Patterns and Ecological Implications of Agricultural Land-Use Changes: A Case Study from Central Himalaya, India (2004)

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Land-use change has important implications for sustainable livelihood of local communities where traditional crop–livestock mixed farming is sustained with local inputs. Knowledge of recent changes in land use, driving forces and implications of changes within the context of sustainable development is limited. This study analyses the changes in spatial patterns of agricultural land use, crop diversity, manure input, yield, soil loss and run-off from cropland, and dependence of agroecosystems on forests, during the 1963–1993 period in a small watershed in central Himalaya, India. Data obtained from existing maps, interpretation of satellite imagery, geographic information system (GIS) based land-use change analysis, participatory survey and field measurements were integrated to quantify changes at the landscape/watershed scale. During the 1963–1993 period, agricultural land use increased by 30% at the cost of loss of 5% of forestland. About 60% of agricultural expansion occurred in community forests compared to 35% in protected forests and 5% in reserve forests. Agricultural expansion was most conspicuous at higher elevations (1800–2600 m) and on medium slopes (10–30°). Cultivation of buckwheat (Fagopyrum esculentum L., Fagopyrum tataricum (L.) Gaertner), hogmillet (Panicum miliaceum L.) and foxtail millet (Setaria italica (L.) Beauv.) was abandoned. Potato (Solanum tuberosum L.), a cash crop, completely replaced the abandoned crops and partially replaced many other traditional crops. Soil loss, run-off and manure input related to potato cultivation was much higher compared to other crops. Mean annual fodder yield from cropland declined by 44%, while manure input, soil loss and run-off increased by 46, 90 and 51%, respectively. Changes in land use and management have improved household income but at the cost of increase in intensity of biomass removal from forests and loss of forest cover. As farm productivity is dependent on forests, continued depletion of forest resources will result in poor economic returns from agriculture to local people together with loss of global benefits from forest biodiversity and ecosystem services. Policy support for sustainable income from forests to local people as well as technologies enhancing agricultural productivity through conservation of traditional crop diversity and efficient resource recycling within agroecosystems is needed for sustainable livelihood of local communities together with global benefits from the Himalayan forests and ecosystem services.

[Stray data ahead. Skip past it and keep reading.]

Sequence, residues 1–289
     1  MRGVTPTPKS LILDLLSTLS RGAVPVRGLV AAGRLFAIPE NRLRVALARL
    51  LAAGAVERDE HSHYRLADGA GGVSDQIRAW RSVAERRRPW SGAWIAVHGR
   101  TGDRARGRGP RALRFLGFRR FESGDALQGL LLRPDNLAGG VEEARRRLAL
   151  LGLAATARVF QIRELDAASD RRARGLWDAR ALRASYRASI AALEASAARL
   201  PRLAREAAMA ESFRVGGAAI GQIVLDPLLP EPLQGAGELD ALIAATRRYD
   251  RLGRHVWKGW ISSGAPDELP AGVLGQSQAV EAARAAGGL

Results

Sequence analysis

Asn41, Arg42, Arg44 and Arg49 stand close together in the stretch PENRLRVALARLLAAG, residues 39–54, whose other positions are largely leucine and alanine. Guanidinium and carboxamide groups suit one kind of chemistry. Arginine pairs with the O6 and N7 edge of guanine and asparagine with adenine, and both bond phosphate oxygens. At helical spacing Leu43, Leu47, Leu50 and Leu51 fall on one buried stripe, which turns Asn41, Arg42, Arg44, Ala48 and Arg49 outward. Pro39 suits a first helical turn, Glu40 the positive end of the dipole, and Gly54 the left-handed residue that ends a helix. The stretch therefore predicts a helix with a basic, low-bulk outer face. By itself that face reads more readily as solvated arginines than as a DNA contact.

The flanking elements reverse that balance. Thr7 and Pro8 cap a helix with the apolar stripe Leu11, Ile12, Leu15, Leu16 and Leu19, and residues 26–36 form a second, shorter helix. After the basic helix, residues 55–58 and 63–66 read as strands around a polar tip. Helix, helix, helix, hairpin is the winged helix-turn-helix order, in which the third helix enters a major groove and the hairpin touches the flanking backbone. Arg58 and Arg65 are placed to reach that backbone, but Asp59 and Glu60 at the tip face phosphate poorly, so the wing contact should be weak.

Year: 2004
Language: English
In: Agriculture, Ecosystems & Environment, 102 (1): 81-92 p.

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 Record created 2013-08-15, last modified 2013-08-15